A graduate of the Georgia Institute of Technology in Atlanta, Yehwon Kim also combines studies at the École Nationale Superieure d'Architecture de Paris La Villette and the Yonsei University in Seoul with numerous student scholarships. One of her last year projects was the Joyous Dancer, a creative design of a wearable architectural environment, while her largest final year work revolved around an aquatic centre. Adding to that her extensive professional experience at the Gwangju Design Biennale for 2011 and Mooyoung Architects and Engineers in Seoul, and it’s no wonder that celebrated Korean architect H-Sang Seung asked Kim to join his Seoul-based company, Iroje, even before she graduated. Kim is now involved in many of the firm’s international projects, as well as being responsible for the busy practice’s publications and exhibitions management.
Would most like to work with: Oscar de la Renta. I love his sleek, sophisticated and classic style.
Maciej Jakub Zawadzki
Warsaw University of Technology, Poland / 2009
Alongside both an undergraduate and postgraduate degree from the Warsaw University of Technology, Maciej Zawadzki enriched his time in academia with a scholarship exchange program to the Sint-Lucas School of Architecture in Brussels. His thesis included the design of a unique museum space off the Miami shore; the Museum of Latin American Immigrants evolved from a set of computer-generated spiralling forms, resulting in the building’s final aerodynamic shape. Following small stints at Warsaw practices SDA Architekci and Hermanoqicz Architekci, he moved to Copenhagen to join SEA and then BIG, where he is currently based.
Most inspired by: my father, who was an architect. And the work of young Spanish architect Alvaro Garcia Mendive.
Ecole Polytechnique Fédérale de Lausanne, Switzerland / 2010
Estelle Lépine’s thesis comprised the design of a high-altitude refuge centre in l’Aiguille du Gouter a Saint-Gervais en Haute-Savoie in France, a project she completed with flying colours. Currently engaged in PhD research at Ecole Polytechnique Fédérale de Lausanne, studying the impact of the energy standards and rules on buildings and their users, she is aiming for a career in higher architecture education. This doesn’t mean that Lépine hasn’t had her fair share of architecture practice; training stints at Atelier Cube in Lausanne and Latitude Architects in London provided her with the appropriate professional perspective, as did her first personal independent project, a family chalet in the French Alps, which is currently under construction.
Most inspired by: a truly open-minded client, so we can create a project that will please both them and myself; and maybe make other people dream.
Matthias Rippmann, Michael Knauss and Silvan Oesterle
ETHZ, Switzerland / 2007
Three years after graduating from the prestigious ETH Zurich and the University of Stuttgart, Michael Knauss, Silvan Oesterle and Matthias Rippmann formed their own practice, ROK. Their exceptional combined portfolio includes professional experience with UNStudio, Gramazio & Kohler, Behnisch Architects, Werner Sobek and LAVA and academic lecturing at schools like the Bauhaus University in Weimar, Harvard Graduate School of Design, the Architectural Association in London and ABK Stuttgart. Their most recent project, the Flat2Form System, outlines a unique method for bending two parallel sheets of the same material into a predefined geometric shape, using a matching hole pattern in their surfaces.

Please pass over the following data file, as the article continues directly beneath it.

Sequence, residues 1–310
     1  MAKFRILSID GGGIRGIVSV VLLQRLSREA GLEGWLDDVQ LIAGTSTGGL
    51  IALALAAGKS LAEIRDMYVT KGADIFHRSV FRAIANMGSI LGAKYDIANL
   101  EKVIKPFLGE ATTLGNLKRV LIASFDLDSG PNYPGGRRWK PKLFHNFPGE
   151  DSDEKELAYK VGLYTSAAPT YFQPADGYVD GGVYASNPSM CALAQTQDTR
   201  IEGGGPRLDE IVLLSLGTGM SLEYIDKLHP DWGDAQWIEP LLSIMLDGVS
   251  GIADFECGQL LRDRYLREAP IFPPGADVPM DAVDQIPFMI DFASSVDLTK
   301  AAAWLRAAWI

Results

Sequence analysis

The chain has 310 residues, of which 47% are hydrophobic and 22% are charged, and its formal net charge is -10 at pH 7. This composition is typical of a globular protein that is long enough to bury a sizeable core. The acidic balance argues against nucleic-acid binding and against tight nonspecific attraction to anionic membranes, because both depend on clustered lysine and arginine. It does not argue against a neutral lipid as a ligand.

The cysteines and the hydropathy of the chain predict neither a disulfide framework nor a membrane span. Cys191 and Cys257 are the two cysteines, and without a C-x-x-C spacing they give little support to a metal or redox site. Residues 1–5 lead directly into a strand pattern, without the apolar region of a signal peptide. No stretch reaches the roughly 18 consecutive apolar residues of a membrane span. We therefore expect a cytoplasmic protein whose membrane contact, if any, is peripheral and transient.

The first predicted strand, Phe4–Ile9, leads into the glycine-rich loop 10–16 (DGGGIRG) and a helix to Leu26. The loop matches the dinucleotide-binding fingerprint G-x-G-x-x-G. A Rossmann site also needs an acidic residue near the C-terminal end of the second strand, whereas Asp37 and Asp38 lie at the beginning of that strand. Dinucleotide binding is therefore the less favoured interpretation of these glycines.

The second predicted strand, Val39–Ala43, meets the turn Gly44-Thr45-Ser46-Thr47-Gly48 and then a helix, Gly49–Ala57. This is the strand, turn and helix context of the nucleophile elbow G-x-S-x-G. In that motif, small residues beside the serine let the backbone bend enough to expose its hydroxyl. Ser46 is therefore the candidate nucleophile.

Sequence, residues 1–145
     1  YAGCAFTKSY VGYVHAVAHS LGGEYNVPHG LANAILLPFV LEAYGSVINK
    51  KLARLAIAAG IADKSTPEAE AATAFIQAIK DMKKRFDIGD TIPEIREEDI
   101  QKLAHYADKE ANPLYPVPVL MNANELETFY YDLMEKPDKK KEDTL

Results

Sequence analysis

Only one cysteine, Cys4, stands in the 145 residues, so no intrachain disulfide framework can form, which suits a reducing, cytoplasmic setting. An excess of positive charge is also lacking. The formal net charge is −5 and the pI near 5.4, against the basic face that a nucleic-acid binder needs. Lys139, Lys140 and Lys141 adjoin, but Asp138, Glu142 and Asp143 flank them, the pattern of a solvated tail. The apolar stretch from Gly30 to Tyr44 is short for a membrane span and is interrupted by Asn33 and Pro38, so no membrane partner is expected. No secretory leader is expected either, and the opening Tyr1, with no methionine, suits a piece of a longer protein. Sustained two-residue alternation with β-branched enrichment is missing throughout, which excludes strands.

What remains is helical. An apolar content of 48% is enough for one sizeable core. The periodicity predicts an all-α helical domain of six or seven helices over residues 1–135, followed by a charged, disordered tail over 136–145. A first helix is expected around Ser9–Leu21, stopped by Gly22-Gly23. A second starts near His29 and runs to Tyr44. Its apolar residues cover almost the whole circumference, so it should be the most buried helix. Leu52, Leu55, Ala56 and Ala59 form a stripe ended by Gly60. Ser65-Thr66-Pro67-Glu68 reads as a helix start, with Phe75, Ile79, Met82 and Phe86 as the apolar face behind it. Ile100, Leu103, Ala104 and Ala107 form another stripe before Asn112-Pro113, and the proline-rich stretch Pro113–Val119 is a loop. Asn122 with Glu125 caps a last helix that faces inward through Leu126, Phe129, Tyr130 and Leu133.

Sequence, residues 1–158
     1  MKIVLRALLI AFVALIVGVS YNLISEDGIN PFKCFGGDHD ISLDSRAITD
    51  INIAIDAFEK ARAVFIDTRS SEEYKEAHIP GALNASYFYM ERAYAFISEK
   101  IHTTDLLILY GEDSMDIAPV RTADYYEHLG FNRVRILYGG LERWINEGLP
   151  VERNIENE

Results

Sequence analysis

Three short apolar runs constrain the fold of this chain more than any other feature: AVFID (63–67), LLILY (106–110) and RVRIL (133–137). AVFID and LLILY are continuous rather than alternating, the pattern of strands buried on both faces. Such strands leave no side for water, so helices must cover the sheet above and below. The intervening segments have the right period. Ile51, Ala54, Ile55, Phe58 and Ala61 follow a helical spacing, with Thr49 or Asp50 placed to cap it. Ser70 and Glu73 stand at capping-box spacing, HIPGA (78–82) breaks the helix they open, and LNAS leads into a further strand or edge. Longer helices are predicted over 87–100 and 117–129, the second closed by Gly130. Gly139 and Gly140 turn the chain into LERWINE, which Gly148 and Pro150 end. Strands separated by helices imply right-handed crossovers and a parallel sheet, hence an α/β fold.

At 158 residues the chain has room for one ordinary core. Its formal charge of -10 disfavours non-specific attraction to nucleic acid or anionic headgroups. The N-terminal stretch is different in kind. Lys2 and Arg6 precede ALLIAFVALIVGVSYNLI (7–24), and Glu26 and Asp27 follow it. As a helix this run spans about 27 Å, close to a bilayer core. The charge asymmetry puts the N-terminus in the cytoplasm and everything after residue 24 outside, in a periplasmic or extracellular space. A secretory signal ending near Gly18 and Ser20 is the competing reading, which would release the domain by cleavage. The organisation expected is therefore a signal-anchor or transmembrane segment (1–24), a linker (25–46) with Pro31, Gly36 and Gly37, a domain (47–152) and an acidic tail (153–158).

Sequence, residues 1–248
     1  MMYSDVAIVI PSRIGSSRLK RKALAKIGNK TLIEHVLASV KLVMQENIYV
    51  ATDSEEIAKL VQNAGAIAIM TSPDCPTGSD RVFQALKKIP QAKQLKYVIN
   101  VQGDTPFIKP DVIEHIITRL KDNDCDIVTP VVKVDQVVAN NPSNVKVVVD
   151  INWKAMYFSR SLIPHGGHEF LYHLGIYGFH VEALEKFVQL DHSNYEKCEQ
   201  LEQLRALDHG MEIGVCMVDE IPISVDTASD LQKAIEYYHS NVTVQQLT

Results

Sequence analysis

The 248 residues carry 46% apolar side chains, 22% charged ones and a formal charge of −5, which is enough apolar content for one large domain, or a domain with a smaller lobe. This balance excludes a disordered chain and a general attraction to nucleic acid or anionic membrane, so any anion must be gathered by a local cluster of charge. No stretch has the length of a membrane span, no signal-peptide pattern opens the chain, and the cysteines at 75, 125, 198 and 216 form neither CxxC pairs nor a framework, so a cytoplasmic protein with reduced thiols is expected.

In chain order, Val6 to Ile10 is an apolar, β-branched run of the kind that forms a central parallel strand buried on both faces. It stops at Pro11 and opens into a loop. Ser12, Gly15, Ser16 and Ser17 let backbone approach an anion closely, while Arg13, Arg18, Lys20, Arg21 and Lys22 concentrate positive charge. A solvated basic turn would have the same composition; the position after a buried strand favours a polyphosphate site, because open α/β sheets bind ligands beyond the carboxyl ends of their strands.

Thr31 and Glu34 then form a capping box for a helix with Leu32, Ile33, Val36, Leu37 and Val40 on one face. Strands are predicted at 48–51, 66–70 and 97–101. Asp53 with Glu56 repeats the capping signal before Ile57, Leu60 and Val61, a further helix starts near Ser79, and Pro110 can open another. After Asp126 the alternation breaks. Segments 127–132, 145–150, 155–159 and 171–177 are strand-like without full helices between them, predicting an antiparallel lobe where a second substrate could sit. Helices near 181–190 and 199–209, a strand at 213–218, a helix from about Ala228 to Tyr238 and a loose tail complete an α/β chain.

Most inspired by: Frei Otto.
Ecole Polytechnique Fédérale de Lausanne, Switzerland / 2010
Following on from a degree in architecture at the university in his home town of Montreal, Shin Koseki started his Masters in 2007 at the Ecole Polytechnique Fédérale de Lausanne, where he won his tutors over with his thesis – a multi-functional super tower in Lower Manhattan, cleverly interconnected with the island’s existing urban fabric. After graduation, he started a PhD at the same institution on ‘the implementation of an economy of use values in the production of a new urban model’. Combining excellent student work with experience in practices like Fuksas Associati, Reiser-Umemoto and Atelier Braq, Koseki offsets his heavyweight architecture academia credentials with a separate creative portfolio in photography and graphic design.
Most inspired by: people who trust me and whom I can trust, people with beautiful minds and adventurous ideas.
Oxford Brookes University, UK / 2011
George Calver's work draws inspiration from the work of Louis Kahn, Peter Barber, Álvaro Siza and Herzog and de Meuron, amongst others. The 23 year-old British architect will finish his diploma in May 2011 and describes his understanding of architecture as a 'holistic system of influences from the built form and function, to its socio-cultural context.' 'The most important thing I took from my studies was architecture's integral relationship with people,' he says, going on to explain that the current economic climate is the biggest challenge facing architects and students alike, along with sustainability and the need for restoration and renovation. 'Existing buildings need to become energy efficient and sustainable without drastically changing the user experience or their lifestyles.' His graduation project focused on low-cost housing and the integration of sustainable technology.
Most inspired by: Louis Kahn and Caruso St John Architects.
Royal College of Art, UK / 2011